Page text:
भारतीय इतिहास – 101 : Superiority of Hindu Laws
Laws of Manu,Yagnvalkya,Jaimini,Gautam etc
When you talk about establishing Hindu Laws in Bharat, secular jaundiced eyes with half-baked knowledge of ancient laws, will stare at you with contempt.
Here is what learned professor of Law, practicing British Laws under British administration, has to say about Hindu Laws and why we must thrive to study our laws in 1941, make them relevant as per current times and get them implemented in our Nation:
“The Hindu system of jurisprudence is awell-developed science. It is as old as humanity itself. It is the store-house of ancient wisdom. inherited from hoary sages, saints, philosophers and thinkers whose ideals were the loftiest, whose ideas were derived from imperishable Vedas and who can literally be described as the torch-bearers of learning and knowledge to the rest of the world, as it then existed. It is thorough, complete and self-contained. The systems of law that followed Hindu Jurisprudence have not, even to the present-day reached the borders of its eternal height; presumption of any one of them having surpassed it in excellence or completeness is simply ludicrous. In point of comprehensiveness, the Hindu Law in its various branches occupies a fairly high place among the systems of ancient jurisprudence.
In the ﬁrst place, its conception of legal liability is very perspicuous, and in spite of its retention of the eighteen divisions of topics of litigation, as described by Manu, its growth has not been stinted, the various aspects of juridical relations developing equally within its orbit as in other systems of law.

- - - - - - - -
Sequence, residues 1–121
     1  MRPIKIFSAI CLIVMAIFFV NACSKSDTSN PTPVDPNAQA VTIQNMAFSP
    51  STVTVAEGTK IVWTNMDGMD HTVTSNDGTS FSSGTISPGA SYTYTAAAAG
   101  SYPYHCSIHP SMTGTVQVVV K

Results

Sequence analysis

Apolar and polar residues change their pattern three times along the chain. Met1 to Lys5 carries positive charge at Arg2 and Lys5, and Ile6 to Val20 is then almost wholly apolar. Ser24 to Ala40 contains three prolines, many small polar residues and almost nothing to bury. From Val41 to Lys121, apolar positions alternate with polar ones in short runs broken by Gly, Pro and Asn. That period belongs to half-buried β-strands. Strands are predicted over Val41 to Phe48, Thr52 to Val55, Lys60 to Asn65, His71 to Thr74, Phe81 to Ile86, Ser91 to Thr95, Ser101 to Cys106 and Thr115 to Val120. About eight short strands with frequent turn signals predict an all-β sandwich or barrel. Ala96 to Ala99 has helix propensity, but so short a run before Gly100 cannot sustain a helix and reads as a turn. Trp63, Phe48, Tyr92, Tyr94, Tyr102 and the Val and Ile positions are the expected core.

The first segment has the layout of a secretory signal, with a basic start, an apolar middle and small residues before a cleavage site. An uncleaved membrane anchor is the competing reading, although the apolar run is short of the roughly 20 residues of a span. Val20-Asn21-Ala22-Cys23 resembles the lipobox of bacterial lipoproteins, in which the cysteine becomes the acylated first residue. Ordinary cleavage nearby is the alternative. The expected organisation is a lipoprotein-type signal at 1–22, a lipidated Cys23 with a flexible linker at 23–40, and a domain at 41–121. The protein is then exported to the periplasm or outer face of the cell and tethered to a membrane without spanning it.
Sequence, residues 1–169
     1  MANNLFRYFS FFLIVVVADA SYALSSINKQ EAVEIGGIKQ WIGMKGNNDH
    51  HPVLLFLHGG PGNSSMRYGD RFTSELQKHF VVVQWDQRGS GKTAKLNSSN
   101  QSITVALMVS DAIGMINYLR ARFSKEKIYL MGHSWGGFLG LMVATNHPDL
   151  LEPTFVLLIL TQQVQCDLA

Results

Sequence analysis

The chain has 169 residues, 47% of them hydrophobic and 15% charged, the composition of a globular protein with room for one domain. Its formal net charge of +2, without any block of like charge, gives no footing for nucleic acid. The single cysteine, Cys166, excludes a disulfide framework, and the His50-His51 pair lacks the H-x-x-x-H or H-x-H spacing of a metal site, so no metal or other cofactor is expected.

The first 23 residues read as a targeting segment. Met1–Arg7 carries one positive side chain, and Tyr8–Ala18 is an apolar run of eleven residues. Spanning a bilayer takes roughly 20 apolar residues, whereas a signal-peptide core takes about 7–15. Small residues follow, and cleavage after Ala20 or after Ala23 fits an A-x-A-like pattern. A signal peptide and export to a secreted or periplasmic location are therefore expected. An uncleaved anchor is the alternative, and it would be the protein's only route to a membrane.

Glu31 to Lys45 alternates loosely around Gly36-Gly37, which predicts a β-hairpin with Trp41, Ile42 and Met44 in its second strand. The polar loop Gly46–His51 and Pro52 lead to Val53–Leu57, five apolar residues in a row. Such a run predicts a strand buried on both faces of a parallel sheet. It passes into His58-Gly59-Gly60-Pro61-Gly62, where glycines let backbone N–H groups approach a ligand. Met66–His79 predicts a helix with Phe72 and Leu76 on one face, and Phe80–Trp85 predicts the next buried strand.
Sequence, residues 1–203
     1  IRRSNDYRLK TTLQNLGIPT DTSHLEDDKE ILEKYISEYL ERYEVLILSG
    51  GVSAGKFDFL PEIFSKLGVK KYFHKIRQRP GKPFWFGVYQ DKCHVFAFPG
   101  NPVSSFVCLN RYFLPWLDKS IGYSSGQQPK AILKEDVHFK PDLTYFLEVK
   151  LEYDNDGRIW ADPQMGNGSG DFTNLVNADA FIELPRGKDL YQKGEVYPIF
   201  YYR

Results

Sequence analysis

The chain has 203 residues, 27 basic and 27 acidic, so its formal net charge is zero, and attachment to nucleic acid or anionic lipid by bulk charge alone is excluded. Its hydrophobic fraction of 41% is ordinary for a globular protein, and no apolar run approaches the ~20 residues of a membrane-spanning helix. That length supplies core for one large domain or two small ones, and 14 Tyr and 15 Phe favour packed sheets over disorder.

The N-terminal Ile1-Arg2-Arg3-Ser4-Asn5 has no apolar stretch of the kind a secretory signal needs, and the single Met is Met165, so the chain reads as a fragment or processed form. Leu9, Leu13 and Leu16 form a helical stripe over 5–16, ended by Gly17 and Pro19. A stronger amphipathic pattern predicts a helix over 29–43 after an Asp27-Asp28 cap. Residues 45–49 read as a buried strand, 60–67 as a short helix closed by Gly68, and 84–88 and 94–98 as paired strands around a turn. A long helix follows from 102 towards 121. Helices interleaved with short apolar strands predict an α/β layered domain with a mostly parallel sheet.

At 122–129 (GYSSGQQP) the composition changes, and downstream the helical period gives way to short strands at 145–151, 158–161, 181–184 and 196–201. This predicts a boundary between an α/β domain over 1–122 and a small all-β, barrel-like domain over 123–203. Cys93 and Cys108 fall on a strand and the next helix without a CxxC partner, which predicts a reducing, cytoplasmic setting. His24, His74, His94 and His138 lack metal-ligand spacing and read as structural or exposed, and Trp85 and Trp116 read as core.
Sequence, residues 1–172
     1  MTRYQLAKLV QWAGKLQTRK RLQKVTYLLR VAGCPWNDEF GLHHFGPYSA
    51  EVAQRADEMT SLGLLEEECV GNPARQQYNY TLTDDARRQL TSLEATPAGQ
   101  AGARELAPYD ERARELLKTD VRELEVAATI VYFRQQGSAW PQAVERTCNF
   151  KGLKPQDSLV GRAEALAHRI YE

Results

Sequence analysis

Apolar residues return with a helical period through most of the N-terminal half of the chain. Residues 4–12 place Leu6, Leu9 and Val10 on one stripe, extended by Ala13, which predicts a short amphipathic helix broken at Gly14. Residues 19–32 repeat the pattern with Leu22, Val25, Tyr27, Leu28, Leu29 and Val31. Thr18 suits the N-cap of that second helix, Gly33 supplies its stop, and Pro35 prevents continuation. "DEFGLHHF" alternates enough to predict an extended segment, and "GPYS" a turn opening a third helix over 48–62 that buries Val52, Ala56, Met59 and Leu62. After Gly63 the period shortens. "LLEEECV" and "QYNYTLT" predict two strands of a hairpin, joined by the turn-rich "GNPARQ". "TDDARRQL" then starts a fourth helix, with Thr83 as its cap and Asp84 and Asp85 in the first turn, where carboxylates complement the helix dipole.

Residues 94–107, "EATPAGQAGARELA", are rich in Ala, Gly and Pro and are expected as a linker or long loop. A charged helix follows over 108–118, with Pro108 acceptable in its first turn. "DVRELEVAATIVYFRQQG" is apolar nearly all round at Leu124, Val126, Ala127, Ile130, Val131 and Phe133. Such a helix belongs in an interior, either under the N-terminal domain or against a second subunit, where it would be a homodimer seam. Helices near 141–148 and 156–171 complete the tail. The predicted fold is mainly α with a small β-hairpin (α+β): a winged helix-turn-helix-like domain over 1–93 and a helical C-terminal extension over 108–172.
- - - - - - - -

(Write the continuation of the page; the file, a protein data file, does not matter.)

Secomily, the administration of justice is clearly actuated by a high sense of duty and a very lofty ideal of the law-givers regarding the functions which they had to discharge; they were moved by the higher ideal of DHARMA which in one of its phases looks up to revelation, and in another, looks forward to the permanent welfare of the entire sentient world.
Thirdly, keen logicality, subtlety of discrimination, analytical skill and mathematical accuracy in deﬁning legal conceptions are its special traits, the refined rules of ratiocination of Gautama and the principles of interpretation of Jairnini are too well-known to need any mention.
Lastly, the reason-ableness of the rules has been kept in view all along the line so that they may not be detrimental to the interests of the community at large. ”
– 1941, Kashi Prasad Saksena, M.Sc. LLB, Advocate and professor of Law at DAV college, Kanpur, Author of ‘Muslim Laws and lawyers’
His realization has more credit than sick-seculars since he had studied and practices all types of laws.